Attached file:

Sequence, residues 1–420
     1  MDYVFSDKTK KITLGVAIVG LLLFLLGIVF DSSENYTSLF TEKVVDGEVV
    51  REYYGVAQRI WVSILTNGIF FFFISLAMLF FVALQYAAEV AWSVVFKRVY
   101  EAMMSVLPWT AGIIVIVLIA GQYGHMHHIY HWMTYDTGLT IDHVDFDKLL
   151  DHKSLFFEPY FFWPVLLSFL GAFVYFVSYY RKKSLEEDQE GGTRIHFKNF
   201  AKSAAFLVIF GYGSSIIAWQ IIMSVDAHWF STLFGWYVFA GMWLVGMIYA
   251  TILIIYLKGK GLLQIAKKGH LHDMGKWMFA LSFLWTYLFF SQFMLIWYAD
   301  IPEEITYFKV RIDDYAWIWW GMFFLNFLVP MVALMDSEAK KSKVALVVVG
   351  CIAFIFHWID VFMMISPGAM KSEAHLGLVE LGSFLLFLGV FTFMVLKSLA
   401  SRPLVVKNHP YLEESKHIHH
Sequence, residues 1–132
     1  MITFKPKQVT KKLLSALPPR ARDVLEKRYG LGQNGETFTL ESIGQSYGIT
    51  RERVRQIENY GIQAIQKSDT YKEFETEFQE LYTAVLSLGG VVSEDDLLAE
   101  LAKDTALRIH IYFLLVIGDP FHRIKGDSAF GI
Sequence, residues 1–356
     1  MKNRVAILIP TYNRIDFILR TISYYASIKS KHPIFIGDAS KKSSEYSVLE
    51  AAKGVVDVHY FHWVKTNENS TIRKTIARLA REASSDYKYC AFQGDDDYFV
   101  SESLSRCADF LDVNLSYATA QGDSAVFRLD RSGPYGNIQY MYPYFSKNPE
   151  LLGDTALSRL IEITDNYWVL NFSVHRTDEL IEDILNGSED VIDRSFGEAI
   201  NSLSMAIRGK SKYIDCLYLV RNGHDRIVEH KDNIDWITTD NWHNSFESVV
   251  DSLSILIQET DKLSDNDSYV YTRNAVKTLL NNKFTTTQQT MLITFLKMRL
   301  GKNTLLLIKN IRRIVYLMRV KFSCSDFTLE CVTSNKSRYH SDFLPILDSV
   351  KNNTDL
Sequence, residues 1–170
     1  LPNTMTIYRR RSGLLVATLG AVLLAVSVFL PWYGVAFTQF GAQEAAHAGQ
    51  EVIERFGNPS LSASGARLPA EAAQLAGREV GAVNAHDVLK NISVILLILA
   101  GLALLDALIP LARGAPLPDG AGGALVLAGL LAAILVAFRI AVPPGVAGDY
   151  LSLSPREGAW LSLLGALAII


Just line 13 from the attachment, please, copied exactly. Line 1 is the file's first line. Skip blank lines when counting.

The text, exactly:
    51  RERVRQIENY GIQAIQKSDT YKEFETEFQE LYTAVLSLGG VVSEDDLLAE